Now let me say, I am not picking on the department shown in the video. There are plenty of forums to bash tactics I didn’t intend for this to be another and conversely I’m not trying to pump up my department (the second video). We arent exempt from error or criticism, but as I said earlier if you’re gonna make a video, the best place to look for content is in your own archives.

So let’s get the rubber on the road. And exhale some of that frustration in front of our computer. We’ve all been to them, you pull up and you’ve got smoke pushing from the eves and/or fire blowing through the roof. Your first line through the door and you are not met with much interior smoke and very little if any heat. As you start to explore the interior of the home you find nothing new. Youve got an attic fire. Heres where the paths start to diverge. And those factors come into play…you remember those right? (staffing, manpower, rural, metro, training, experience) I think in the end no matter what you or your department has to overcome by way of those departmental factors, the majority of attic fires can be extinguished with a minimally staffed engine company with basic engine company equipment. A hose line, an attic ladder, a pike pole or EK hook and a firefighter with some initiative. Now if a picture is worth a thousand words, we at FDCam believe video makes you the Shakespeare of the fire ground. So after watching the video we know you guys are more than capable of using those three basic tools BUT I’ve been to a textbook attic fire with all three tools perfectly in place and our rookie fail to execute. How can this be you ask? Well it came down to initiative and experience. As our Rook climbed the attic ladder he quickly found rafters here are spaced 24″ and don’t leave much room for a helmet and SCBA. Also, a charged hose line more difficult to operate in the cramped space while standing on such a narrow ladder (you may find you need to get waist-high in the hole OR even sit on a rafter). And finally when you do open up the nozzle in an attic it gets hot & steamy…FAST. If you get your technique down you may find you can cock the hose line next to a rafter to support the nozzle reaction and you can get down to what will be ceiling/floor level and let that steam roll over you best as possible. But, for the most part, you gonna have to eat some. Hey, you wanted to be the nozzle man right?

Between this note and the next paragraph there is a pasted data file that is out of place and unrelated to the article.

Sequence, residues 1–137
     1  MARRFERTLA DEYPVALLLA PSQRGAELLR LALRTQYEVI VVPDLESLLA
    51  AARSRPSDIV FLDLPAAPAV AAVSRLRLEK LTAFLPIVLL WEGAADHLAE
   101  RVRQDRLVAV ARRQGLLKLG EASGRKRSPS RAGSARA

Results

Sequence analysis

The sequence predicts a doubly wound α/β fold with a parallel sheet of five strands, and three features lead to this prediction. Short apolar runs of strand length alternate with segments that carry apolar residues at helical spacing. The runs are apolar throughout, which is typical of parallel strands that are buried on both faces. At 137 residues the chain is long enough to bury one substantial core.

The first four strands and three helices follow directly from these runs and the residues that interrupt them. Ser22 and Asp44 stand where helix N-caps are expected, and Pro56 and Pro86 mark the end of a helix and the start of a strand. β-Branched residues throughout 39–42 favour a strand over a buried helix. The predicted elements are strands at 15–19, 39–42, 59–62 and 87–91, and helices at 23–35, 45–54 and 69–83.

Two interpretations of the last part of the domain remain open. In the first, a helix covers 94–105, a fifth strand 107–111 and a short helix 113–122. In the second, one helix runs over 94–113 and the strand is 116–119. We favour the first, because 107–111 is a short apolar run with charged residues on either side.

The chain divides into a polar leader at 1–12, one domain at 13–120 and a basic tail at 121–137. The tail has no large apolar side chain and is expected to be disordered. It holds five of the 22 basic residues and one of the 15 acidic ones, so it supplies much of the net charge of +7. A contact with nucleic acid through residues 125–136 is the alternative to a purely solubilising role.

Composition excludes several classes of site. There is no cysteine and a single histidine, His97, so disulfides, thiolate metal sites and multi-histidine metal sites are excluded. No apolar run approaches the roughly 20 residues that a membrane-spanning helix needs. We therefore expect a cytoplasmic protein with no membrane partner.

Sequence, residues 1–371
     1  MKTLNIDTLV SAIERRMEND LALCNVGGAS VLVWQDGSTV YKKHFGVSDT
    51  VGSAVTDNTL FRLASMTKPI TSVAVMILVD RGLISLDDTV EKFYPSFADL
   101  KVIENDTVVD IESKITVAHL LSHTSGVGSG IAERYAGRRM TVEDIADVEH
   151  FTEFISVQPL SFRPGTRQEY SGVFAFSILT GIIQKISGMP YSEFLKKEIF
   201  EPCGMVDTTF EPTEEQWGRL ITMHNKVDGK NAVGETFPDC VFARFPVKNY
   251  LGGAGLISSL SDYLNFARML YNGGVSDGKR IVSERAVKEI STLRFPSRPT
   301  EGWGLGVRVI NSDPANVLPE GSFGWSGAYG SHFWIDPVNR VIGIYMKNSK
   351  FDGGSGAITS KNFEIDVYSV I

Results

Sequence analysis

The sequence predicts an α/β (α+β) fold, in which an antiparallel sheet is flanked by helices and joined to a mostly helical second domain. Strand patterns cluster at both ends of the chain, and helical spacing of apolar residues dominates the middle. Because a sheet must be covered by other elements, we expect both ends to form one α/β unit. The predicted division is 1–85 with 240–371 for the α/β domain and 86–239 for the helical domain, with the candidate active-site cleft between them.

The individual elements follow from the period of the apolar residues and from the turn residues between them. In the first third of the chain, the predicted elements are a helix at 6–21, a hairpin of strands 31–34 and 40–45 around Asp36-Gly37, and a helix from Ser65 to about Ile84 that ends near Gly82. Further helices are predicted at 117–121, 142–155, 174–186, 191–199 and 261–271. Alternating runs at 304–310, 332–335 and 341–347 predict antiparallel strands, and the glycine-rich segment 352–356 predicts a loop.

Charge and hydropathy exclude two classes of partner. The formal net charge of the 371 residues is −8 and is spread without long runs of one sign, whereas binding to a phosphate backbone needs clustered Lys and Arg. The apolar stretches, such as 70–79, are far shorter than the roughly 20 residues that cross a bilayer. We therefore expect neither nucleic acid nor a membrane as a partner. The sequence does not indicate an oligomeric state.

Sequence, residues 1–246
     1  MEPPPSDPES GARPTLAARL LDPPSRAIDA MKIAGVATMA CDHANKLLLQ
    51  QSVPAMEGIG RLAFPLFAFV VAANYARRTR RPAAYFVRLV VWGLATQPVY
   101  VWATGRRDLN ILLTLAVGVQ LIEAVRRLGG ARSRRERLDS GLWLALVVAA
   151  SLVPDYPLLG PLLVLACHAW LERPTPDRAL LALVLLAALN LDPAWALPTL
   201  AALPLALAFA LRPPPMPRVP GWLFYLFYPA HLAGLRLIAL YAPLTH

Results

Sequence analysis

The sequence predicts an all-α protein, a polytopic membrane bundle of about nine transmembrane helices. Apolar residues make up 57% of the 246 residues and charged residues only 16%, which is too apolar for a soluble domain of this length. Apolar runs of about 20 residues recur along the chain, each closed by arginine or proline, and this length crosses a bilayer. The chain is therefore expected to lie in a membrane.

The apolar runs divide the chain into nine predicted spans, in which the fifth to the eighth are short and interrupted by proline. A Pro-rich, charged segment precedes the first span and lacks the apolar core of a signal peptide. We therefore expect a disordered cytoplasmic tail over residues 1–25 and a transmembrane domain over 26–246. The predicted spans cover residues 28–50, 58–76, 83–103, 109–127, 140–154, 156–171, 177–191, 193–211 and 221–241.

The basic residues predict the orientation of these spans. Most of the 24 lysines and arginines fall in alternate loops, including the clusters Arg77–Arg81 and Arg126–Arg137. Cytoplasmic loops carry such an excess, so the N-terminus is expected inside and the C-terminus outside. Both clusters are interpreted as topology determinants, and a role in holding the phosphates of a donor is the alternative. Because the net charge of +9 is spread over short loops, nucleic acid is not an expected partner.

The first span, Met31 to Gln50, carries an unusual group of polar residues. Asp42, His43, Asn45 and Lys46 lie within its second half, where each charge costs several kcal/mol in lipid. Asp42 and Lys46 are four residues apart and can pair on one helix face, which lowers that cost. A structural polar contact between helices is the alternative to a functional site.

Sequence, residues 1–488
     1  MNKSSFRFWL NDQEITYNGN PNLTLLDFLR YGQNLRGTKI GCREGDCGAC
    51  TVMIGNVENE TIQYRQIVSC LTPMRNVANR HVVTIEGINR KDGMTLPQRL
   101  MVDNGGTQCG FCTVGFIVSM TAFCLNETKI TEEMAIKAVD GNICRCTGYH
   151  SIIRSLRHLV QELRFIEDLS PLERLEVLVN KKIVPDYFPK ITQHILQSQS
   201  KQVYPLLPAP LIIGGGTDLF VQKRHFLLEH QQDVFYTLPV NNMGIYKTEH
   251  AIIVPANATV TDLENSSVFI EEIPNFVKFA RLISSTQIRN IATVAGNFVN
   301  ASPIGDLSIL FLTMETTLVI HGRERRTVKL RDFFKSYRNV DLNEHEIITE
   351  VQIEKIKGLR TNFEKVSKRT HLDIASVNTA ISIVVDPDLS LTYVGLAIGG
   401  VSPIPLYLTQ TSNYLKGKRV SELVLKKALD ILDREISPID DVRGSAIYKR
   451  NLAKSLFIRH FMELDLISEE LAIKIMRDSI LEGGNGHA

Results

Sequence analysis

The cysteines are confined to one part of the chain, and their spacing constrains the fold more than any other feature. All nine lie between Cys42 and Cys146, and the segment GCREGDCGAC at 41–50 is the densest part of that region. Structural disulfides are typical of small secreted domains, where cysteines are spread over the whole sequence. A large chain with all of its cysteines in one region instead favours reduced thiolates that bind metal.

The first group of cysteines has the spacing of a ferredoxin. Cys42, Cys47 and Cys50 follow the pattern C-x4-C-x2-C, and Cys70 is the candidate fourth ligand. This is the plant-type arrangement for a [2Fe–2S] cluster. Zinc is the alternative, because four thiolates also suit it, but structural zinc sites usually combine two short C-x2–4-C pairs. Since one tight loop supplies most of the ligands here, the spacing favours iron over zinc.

Thats the good and bad. Now for the ugly. From the first part of the video I think we showed an ineffective tactic or placing the nozzle into the vent hole or even worse standing in the front yard shooting water onto the roof. In both cases water is not getting to the seat of the fire. Depending on where you place the nozzle, you could be drawing the fire from the seat to an uninvolved area of the house, actually causing fire spread.

Overall with a little training and common sense application attic fires don’t have to turn into multi alarm PR nightmares. Many homeowners will be satisfied by getting their family members out alive, but you should see the look of joy when they are able to salvage most of their belongings because of a properly place hose line and a firefighter with some initiative. And after all isn’t that the oath we all took? Life. Property.

Stay safe out there & Keep filming!



Are you a yard breather? You may be & not even know it…

Whats a good firefighter to do? Broad brush right? Heres some indications of good firefighter behavior I’ve read while reading comments on our YouTube page. “With that much fire I would have pulled a 2 1/2 after the first 1 3/4 was put in to stop…”, “must have been a new guy. shoulda just dealt with the heat…”, “I wouldn’t feel safe running with this small crew to a fire. I’m glad we have a minimum staffing of 5 on all full-time squads and a minimum staffing of 6 on the volunteer engines, this way there is always someone there to safe you ass!”

All honest opinions from various parts of the country. And hey, if you’re gonna play in the public arena that is YouTube, you’re probably gonna get some negative feedback. But here’s my favorite variety… “save your air boys…” & “Take the mask off. There’s no reason to waste air in the yard. Force the door-control the door- go on air.” Now these two comments on two separate fires made me go back & check out the videos again. One of them I was the nozzle man so it was a personal mission as well to answer my question…I’m not a yard breather…Am I?